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Global high blood-pressure rates set to soar

A third of the world’s adult population — more than one billion people — will suffer from high blood pressure by 2025, scientists predict.
/ Source: Reuters

A third of the world’s adult population — more than one billion people — will suffer from high blood pressure by 2025, scientists predicted on Friday.

About a billion people around the globe were afflicted with high blood pressure or hypertension, the most important preventable risk factor for heart disease and stroke, in 2000.

But in the next 20 years the number is expected to soar by about 60 percent and three-quarters of cases will be in developing countries.

“By 2025 we project that the number of adults with hypertension will be 1.56 billion,” Dr. Jiang He, of Tulane University School of Public Health and Tropical Medicine in New Orleans, told Reuters.

Cardiovascular disease is already one of the top killers in most countries and accounts for 30 percent of all deaths worldwide.

In the first study to estimate the total burden of hypertension in the world, the Tulane scientists compiled published research on regional and national figures from 1980 to 2002 to estimate the current worldwide and future prevalence.

In 2000, 333 million adults in developed countries and 639 million in poor nations had hypertension. The report estimates prevalence in developing states — where it is set to rise by 80 percent — will account for most of the predicted increase.

Brunt of burden in poor countries
“More than half of hypertension patients are living in developing countries now. By 2025 an even higher proportion will be in economically developing countries,” He, an epidemiologist, explained.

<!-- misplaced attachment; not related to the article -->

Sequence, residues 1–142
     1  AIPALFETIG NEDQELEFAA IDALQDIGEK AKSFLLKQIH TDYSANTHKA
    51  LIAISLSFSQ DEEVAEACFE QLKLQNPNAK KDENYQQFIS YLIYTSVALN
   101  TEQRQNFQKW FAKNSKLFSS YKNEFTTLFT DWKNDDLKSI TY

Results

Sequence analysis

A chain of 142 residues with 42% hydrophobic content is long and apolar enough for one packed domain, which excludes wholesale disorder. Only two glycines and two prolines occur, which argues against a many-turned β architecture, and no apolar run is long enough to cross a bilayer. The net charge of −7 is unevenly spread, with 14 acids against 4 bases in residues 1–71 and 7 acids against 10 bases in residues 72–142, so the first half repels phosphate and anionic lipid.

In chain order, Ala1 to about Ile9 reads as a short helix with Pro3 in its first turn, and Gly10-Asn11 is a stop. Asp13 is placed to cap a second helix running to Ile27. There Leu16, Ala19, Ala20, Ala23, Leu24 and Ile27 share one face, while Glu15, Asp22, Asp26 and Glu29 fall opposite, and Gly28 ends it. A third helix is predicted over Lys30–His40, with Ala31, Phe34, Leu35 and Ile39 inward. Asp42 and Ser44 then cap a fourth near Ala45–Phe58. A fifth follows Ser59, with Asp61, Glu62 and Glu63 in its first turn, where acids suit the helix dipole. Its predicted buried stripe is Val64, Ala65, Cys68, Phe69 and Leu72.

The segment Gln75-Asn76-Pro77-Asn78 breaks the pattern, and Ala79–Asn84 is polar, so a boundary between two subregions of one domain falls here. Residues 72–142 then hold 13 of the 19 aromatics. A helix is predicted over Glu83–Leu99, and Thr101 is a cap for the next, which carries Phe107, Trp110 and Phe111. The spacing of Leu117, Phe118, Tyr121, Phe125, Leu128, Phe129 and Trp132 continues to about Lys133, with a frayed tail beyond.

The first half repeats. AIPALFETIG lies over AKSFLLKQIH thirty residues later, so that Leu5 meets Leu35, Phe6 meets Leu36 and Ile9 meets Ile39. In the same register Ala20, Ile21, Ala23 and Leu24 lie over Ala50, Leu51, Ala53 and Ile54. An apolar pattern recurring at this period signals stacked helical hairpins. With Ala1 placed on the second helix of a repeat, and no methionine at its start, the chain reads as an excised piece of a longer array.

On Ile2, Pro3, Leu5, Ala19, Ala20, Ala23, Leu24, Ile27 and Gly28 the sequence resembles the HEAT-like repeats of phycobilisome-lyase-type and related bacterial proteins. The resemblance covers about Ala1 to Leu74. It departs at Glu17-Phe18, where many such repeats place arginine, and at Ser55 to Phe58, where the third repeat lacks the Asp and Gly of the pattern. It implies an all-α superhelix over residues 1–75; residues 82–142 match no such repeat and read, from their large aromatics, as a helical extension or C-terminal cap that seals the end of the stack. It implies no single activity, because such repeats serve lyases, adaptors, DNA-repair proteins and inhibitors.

“Cardiovascular disease will become the most serious public health challenge in developing countries.”

Latin America and the Caribbean had particularly high prevalence of hypertension, according to the research published in The Lancet medical journal.

During recent decades, cases of high blood pressure have remained stable or decreased in wealthy nations, but have risen in poor nation because of lifestyle changes and the fact that people are living longer.

He and his team said developing countries consider infectious diseases as their most important health problem and do not focus prevention efforts on chronic illnesses.

Research has shown that reducing weight, salt and alcohol consumption, eating more fruits and vegetables and increasing exercise can reduce hypertension.

The researchers believe developing countries should follow the example of wealthy nations which have established national programmes to prevent and treat high blood pressure.

“Our study gives a serious warning to health policy makers in developing countries and world organisations. They have to pay serious attention to hypertension and hypertension-related chronic diseases such as cardiovascular disease,” said He.

“They have to pay attention now.”